Winsxs Folder Size Issues
Posted by Peter Thompson on 31/10/17 10:48
The Winsxs folder it the component store in the operating system. All of the components are found here. In practice, nearly every file in the WinSxS directory is a “hard link” to the physical files elsewhere on the system-meaning that the files are not actually in this directory.
For instance in the WinSxS there might be a file called advapi32.dll that takes up >700K however what’s being reported is a hard link to the actual file that lives in the Windows\System32, and it will be counted twice (or more) when simply looking at the individual directories from Windows Explorer.” That means, in reality it doesn’t actually consume as much disk space as it appears when using the built-in tools (DIR and Explorer) to measure disk space used, which is why the Winsxs folder can grow that big.
In order to reduce the size of Winsxs folder, please try the methods below.
1. Uninstall unnecessary applications if possible
2. If your computer is running Windows Server 2008 SP1, please use Vsp1cln.exe tool to clean up the space.
If your computer is running Windows Server 2008 SP2, please use Cmpcln.exe tool to clean up the space.
(They are located under \%windir%\system32\.)
To do this, please follow these steps:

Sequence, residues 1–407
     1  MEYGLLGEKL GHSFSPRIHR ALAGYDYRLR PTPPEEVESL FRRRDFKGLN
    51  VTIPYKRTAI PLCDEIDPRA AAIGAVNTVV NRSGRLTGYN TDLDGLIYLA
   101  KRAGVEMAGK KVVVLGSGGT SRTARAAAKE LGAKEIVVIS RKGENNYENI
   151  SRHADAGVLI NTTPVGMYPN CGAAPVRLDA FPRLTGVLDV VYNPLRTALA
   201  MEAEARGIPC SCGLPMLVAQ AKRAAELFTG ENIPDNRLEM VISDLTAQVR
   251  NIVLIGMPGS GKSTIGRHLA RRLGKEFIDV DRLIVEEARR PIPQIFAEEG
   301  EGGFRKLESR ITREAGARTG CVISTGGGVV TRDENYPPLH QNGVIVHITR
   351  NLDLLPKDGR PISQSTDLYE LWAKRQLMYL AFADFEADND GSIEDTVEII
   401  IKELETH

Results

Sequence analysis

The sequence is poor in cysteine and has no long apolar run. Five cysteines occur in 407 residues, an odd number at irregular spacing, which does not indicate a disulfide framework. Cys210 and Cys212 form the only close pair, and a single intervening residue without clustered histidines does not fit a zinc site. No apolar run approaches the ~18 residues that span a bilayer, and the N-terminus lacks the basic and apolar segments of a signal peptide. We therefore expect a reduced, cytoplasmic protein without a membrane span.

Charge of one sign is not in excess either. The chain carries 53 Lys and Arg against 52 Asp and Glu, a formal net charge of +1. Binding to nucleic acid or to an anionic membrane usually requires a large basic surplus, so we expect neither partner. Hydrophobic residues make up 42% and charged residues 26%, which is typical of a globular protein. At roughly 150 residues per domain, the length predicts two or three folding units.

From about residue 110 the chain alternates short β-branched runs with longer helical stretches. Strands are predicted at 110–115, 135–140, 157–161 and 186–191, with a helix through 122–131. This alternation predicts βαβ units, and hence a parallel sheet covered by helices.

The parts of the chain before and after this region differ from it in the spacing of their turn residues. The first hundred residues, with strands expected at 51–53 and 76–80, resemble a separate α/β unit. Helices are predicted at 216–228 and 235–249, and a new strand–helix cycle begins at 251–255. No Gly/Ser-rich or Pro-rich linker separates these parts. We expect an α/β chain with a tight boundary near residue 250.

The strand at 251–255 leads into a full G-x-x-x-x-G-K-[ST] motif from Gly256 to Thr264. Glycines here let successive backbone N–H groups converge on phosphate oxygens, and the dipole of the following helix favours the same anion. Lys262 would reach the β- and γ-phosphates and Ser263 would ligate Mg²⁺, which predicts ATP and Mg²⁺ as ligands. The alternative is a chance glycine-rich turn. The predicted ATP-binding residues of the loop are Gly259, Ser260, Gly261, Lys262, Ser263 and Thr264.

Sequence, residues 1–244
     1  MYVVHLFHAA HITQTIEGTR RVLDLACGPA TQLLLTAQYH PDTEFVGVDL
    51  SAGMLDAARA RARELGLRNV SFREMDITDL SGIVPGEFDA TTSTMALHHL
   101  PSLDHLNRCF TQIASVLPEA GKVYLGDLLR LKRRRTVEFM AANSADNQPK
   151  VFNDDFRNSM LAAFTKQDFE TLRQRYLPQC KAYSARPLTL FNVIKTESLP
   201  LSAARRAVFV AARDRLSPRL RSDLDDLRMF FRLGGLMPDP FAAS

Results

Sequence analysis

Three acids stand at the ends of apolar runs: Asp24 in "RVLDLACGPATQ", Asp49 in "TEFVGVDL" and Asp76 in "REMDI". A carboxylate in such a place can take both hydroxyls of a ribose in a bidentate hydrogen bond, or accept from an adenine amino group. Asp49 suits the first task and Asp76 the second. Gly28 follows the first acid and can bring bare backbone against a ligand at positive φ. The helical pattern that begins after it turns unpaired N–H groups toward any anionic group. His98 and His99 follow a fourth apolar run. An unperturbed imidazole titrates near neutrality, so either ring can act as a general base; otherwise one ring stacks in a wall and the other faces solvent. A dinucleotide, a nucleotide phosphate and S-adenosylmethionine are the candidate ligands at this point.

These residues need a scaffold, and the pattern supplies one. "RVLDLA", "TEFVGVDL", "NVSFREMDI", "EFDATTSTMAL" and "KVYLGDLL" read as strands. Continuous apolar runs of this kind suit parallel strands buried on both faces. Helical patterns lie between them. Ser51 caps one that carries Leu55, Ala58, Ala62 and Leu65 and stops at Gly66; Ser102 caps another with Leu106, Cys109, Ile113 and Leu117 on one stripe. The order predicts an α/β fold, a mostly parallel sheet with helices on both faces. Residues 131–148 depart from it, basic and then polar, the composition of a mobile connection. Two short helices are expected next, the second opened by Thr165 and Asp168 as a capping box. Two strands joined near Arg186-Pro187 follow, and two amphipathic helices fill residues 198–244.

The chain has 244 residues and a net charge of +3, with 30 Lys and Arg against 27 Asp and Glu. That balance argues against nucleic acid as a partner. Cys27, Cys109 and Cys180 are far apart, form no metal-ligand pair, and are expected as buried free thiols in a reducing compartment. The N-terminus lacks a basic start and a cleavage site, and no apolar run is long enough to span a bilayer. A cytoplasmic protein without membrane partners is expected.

1) Open an elevated command window
2) Type vsp1cln or cmpcln.exe
3) Type Y to start the cleanup process.
*Note: After you use this cleanup tool, you will no longer be able to remove the Service Pack, should any problems occur. Make sure that the system is stable before using. This tool is a one-time use tool. Once it's used it will no longer work on the same installation.
3. Delete blobs.bin file and reboot the system.
The blobs.bin file which is located at \Windows\winsxs\ManifestCache\blobs.bin is used as a caching mechanism for servicing operations that are set to happen against the system. The file will naturally grow and shrink in size as various servicing actions take place against the machine and are satisfied. It the file grows out of control, let’s say it occupies several GBs space. You can safely delete this file without any fear of it damaging anything on the server as this file is just for caching. The file will be recreated when you reboot the system.
If deleting the file does not resolve the growth issue, set the permission of the file to deny everyone from writing to it. The stack will see a failure to write to this as a signal that it doesn’t need caching and it will move on servicing files.